Deora Original, II, and III
Ron Ruelle hobbyDB
An interesting new Hot Wheels vehicle hit the pegs recently, a swoopy, cab-forward pickup truck with a surfboard and an E-bike riding in the back. While the design is eye-catching, the name is what got my attention… Deora III. Looking at the profile, it sure looks like it could be descended from the Dodge Deora concept that became one of the original 16, and was then re-interpreted ’90s Style a couple decades later.
As it turns out, several Hot Wheels cars have been the subject of modern interpretations years after the original. Mind you, we’re not talking about models of new versions of real cars, such as the original Custom Corvette and subsequent Corvette models. Also not mentioned are slightly modified castings or renamed versions of the same basic casting. And we’re leaving out the Tooned, Oozed, Droptopped variants as well. These are strictly modern retakes/remakes/sequels of the originals.
Original 16, ’90s Style
As mentioned before, The Deora II was created in 1990, and was popular enough that it remains in regular use today (It was even made into a full-size running show truck). Three other Original 16 cars got similar updates: The Slhouette, the Splittin’ Image, and the Twin Mill. Each of the new castings really captured the design ethic of the early ’90s while unmistakably carrying on the distinct characteristics of the earlier models. Kids of that era may have preferred the new designs, but for the most part, but it’s probably safe to say the originals are still the overwhelming favorites. Like the Deora, the Twin Mill got another sequel, the appropriately named Twin Mill III. The Splittin’ Image also got a Part III for Premium releases.
Other Redlines For Other Times
There have been numerous other early Redline cars that have been updated over the years as well. The Whip Creamer was a strange design with a sliding canopy and turbine that spun when air hit it as it went down the track. An updated version carried similar traits. The Cockney Cab was a hot rodded but plausible London Cab, while the Cockney Cab II was more of a funny car caricature.
It’s easy to see the lineage between the Bye Focal and Bye Focal II, while the Sweet 16 and its updated version share mostly the long 1930s proportions and 16 cylinder engine.
The Jet Threat went from a rocket dragster to the Jet Threat II, which was… well, pretty much the same casting. But there was a Jet Threat 3.0, a much sleeker, lower design, and even a Jet Threat 4.0, also very much fighter-plane-inspired.
By the way, has anyone ever seen the Show Hoss II and wondered about the original? It’s actually a funny car based on the Mustang II, (hence the name) but there was never an original first version from Mattel. So nope, not a sequel in this sense.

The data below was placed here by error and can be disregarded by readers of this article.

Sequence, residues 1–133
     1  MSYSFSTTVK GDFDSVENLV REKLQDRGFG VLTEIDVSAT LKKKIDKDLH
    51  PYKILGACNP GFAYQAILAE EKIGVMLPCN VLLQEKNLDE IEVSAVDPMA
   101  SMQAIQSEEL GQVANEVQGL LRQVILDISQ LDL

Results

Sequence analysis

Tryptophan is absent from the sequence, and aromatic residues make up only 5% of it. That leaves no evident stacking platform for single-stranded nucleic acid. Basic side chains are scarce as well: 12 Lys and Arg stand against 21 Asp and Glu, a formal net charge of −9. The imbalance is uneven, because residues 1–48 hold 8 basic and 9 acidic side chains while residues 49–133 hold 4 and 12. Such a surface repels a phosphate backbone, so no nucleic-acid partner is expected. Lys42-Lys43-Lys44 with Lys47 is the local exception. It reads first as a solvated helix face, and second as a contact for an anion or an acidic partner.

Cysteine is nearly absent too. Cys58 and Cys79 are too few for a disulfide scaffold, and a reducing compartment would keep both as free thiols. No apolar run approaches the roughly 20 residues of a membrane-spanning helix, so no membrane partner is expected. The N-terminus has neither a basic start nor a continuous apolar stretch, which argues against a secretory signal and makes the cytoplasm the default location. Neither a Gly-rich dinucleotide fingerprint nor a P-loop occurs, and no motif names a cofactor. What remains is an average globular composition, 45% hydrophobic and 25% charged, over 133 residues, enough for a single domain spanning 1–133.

Even Newer Originals
Nostalgia doesn’t wait as long as it used to. Ignoring the arbitrary but traditional 20-year buffer before something can be considered “retro,” several newer Hot Wheels castings have received the update treatment. The Semi Fast was a sleek, futuristic COE semi tractor, while version II is an older looking dragster with a ginormous engine. The Sting Rod first appeared in the late ’80s as a Fiero-by-way-of-Mad-Max… the recent update keeps the same idea but with a newer, unlicensed body.
Nature Finds a Way
The Street Beasts name has been used several times over the years to mean different things… In the most recent incarnation, it has included a range of animal-based cars, using old castings for the most part. But at least two of these got serious makeovers. The Speed-a-Saurus, perhaps the cuddliest Hot Wheels car of all, featured a rubber stegosaurus riding on a dragster chassis. The new Motosaurus incorporates the dinosaur in a more cybernetic way. Different name, same idea. The SharKruiser, which still finds its way into production on occasion, got a similar update with the more aggressive Shark Bite for this series. You can change the name, but the DNA is still there.
About Those Tooned cars…
Okay, we do have to consider one Tooned version, which takes us back to where this all started. The original Deora was given cartoonish proportions when that series came out, and looked pretty awesome. The Deora II wasn’t part of that series, but did get similar treatment as a pullback car in the Micro Speed Demons series. Evolution works in strange ways sometimes.
Do you know of any other Hot Wheels remakes along these lines? Let us know in the comments below!